The assurance of a certain minimum income for everyone, or a sort of floor below which nobody need fall even when he is unable to provide for himself, appears not only to be a wholly legitimate protection against a risk common to all, but a necessary part of the Great Society in which the individual no longer has specific claims on the members of the particular small group into which he was born (p 395).
A number of writers, including Zwolinski, his fellow blogger at Bleeding Heart Libertarians, Kevin Vallier and Julie Novak of the Institute of Public Affairs seem to interpret this as a proposal for the government to pay every citizen a basic income, regardless of their income, assets or willingness to work. I think this is a misinterpretation of Hayek’s position. What Hayek actually proposed was a means tested scheme restricted to those who are unable to earn a living in the market.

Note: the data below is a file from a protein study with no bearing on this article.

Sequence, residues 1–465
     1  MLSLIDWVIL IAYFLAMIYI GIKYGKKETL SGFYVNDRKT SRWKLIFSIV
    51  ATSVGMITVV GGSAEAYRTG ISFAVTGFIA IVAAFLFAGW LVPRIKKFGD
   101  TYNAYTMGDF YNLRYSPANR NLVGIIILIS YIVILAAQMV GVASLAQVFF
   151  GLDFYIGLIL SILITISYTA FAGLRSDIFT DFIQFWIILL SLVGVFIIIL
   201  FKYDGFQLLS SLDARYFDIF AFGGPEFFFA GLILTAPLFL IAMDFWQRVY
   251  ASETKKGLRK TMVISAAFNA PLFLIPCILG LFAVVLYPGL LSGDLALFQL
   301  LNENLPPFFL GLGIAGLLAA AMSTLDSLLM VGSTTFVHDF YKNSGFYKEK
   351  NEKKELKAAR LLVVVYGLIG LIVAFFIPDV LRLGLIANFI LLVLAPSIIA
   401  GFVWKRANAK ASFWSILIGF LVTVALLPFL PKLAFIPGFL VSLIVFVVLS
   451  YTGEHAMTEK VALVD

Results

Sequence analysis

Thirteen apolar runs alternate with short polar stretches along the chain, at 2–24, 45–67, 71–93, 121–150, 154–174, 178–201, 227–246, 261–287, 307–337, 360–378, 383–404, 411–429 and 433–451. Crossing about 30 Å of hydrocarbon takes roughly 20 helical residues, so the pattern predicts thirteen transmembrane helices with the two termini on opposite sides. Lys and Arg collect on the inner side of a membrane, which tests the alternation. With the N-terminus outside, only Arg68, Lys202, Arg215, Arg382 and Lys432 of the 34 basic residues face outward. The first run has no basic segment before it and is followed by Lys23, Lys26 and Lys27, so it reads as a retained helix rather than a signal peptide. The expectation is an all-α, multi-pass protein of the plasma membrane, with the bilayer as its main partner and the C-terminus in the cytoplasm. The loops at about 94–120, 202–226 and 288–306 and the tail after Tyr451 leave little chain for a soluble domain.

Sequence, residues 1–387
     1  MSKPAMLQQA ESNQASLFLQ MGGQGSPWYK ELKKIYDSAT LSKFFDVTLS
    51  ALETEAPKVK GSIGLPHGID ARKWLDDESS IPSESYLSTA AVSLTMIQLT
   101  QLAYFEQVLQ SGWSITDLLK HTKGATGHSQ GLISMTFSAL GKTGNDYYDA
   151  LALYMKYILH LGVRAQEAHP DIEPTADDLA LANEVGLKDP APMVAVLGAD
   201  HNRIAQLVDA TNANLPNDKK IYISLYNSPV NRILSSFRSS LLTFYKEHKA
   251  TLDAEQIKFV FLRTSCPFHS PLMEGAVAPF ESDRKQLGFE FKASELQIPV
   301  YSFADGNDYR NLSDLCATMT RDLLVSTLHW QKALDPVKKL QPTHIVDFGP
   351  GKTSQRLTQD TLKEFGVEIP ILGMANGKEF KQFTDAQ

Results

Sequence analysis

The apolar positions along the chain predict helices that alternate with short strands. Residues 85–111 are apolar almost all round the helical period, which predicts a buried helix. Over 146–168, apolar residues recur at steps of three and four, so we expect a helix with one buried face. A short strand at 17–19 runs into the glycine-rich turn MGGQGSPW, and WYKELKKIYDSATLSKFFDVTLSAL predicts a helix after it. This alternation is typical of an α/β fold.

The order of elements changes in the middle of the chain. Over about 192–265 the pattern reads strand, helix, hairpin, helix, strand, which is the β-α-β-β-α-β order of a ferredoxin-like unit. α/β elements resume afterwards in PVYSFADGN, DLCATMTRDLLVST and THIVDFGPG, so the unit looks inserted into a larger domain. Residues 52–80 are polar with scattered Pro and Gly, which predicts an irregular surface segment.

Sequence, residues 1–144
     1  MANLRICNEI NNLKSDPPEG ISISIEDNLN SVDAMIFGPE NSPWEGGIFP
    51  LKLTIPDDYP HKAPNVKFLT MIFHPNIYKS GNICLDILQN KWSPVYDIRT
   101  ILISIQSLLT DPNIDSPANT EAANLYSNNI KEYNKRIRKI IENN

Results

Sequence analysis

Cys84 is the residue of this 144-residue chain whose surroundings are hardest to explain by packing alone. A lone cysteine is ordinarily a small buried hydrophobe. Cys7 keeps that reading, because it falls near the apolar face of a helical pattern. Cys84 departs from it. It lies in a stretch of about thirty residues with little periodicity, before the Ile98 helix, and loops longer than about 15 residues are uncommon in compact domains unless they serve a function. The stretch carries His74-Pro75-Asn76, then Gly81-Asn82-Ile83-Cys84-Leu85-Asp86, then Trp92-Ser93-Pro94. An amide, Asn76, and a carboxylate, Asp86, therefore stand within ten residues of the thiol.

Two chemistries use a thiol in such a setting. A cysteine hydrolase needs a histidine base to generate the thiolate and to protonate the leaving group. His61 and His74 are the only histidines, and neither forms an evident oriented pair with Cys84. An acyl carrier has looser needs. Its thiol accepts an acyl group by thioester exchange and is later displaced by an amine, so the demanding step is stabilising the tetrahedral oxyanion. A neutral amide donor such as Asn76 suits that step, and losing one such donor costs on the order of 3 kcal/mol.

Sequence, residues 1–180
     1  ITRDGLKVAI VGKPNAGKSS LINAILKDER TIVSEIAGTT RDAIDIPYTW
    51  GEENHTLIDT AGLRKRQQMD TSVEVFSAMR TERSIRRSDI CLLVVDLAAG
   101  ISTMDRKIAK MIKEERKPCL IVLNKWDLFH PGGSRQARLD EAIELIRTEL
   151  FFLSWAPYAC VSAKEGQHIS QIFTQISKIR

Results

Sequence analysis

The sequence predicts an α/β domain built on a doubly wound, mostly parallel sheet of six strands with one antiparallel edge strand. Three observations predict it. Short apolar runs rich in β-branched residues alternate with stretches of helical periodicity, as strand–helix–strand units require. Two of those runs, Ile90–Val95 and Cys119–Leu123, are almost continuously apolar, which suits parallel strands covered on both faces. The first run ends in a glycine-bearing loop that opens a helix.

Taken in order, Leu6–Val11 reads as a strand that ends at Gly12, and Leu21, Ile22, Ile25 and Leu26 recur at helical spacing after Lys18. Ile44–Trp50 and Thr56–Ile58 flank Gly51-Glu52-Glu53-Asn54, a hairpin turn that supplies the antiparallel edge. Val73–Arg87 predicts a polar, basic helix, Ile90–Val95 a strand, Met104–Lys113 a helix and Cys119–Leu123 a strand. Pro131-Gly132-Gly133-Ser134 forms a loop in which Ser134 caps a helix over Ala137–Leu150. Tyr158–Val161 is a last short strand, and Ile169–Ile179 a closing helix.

When political parties want to convey vision they typically reach for slogans packed with values words like ‘fairness’ and ‘strength’. But according to Ben Shimshon of BritainThinks: "Those grand vision words are almost always taken as a signal that what’s being said is just more ‘politician speak’, and voters’ keenly honed filters screen it out alongside all the other white noise."
Shimson says that parties should try to show rather than tell. What they need is not focus group tested slogans, but a handful of symbolic policies that show voters what the party values and what it thinks needs to change: